The fiasco that was the candidacy of Julian Davis for Supervisor has shed a spotlight on the long simmering sexist underside of progressive San Francisco politics. For years, men have dominated elections and institutions; the lack of women in progressive leadership has been obvious, but too often unaddressed.
San Francisco has a long history of electing women to high office — Dianne Feinstein, Nancy Pelosi, Louise Renne, Kamala Harris ... it's not as if politics in general is controlled by men. But most of those women have been from the more moderate (in some cases, conservative) side. The elected officials who are leaders in the progressive movement have, for most of the past decade or more, been overwhelmingly male.
And it's hard to ignore the obvious questions: How could so many progressives get behind a candidate with such a history of poor treatment of women? Why did it take so long for the truth to come out? When did attitudes on the left devolve to the point where groping was considered a minor detail?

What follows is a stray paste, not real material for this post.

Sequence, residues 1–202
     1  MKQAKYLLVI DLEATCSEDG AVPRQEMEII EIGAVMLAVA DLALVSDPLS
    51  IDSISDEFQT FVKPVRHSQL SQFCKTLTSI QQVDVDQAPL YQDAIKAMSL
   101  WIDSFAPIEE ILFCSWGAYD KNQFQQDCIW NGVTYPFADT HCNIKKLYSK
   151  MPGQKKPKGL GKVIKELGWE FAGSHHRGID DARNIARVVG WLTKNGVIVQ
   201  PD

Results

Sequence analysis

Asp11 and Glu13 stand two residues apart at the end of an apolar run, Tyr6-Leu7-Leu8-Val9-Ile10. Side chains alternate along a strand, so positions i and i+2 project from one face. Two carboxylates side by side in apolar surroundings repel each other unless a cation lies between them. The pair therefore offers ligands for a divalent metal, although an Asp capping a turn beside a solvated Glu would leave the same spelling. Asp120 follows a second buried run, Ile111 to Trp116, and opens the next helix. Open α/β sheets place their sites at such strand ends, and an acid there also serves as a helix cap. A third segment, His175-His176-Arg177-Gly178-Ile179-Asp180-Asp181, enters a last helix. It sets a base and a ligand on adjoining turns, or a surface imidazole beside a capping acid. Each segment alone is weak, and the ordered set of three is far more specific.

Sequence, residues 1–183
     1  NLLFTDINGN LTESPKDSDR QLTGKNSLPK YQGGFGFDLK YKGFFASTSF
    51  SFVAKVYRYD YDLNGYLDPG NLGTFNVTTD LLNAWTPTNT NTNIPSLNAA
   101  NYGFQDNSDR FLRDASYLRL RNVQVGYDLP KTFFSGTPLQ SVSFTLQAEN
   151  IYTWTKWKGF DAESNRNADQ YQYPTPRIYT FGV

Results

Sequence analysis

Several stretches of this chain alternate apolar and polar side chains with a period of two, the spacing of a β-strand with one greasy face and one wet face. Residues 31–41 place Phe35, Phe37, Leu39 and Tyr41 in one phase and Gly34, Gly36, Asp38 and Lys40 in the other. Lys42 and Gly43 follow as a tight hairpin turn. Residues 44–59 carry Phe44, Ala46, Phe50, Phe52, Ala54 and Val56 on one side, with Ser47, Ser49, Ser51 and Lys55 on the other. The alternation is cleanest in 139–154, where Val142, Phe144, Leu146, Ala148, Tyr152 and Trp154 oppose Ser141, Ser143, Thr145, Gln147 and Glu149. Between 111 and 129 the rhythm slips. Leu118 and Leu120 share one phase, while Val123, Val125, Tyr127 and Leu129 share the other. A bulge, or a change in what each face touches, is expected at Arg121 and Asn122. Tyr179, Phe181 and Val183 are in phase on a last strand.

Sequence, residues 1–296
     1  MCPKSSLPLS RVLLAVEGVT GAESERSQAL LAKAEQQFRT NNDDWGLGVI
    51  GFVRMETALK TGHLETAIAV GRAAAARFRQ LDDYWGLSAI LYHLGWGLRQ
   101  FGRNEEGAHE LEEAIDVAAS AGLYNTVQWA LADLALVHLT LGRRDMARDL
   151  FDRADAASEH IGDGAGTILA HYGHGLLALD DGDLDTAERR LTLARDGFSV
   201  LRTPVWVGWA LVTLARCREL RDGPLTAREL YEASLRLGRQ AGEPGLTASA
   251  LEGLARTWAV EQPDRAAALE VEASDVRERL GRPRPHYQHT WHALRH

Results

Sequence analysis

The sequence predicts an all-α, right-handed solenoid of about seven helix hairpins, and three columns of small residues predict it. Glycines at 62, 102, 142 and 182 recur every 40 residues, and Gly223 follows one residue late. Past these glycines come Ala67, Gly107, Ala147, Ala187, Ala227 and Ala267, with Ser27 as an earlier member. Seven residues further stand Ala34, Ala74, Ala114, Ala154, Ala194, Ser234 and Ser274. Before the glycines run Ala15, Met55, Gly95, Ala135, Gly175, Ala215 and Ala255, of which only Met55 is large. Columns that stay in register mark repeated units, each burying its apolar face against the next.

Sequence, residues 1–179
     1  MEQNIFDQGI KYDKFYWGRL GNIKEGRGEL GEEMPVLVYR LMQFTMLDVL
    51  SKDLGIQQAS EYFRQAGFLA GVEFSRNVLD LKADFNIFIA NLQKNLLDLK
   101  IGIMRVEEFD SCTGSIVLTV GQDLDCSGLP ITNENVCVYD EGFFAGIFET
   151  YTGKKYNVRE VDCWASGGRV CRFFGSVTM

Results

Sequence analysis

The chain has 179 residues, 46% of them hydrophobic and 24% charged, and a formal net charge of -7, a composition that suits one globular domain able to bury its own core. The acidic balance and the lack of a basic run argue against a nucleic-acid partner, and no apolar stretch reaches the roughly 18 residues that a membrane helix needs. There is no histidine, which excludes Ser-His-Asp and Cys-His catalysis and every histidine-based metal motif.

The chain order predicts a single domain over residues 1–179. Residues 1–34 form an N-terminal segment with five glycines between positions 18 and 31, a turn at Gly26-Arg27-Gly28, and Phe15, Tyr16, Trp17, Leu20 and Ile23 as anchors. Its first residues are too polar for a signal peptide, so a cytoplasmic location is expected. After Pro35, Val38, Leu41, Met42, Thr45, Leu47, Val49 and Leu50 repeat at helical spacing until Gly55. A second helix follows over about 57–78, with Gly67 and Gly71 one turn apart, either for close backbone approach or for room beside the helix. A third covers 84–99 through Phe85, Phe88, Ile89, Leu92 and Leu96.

More important, where are we going from here? How is the progressive movement going to encourage a new generation of women leaders? How are we going to address the perception, and sometimes the reality, that the politics of the San Francisco left is not a welcoming place for women?
It's going to take a while to talk all of this out, but this week, we want to start the conversation.
>>A NEW FEMINISM FOR SAN FRANCISCO: Community activists on a guide to compassion, redemption, and accountability
>>THE "HEIGHTENED SENSITIVITY" BLUES: Hey progressives, why don't you stop being such idiots? (An angertorial)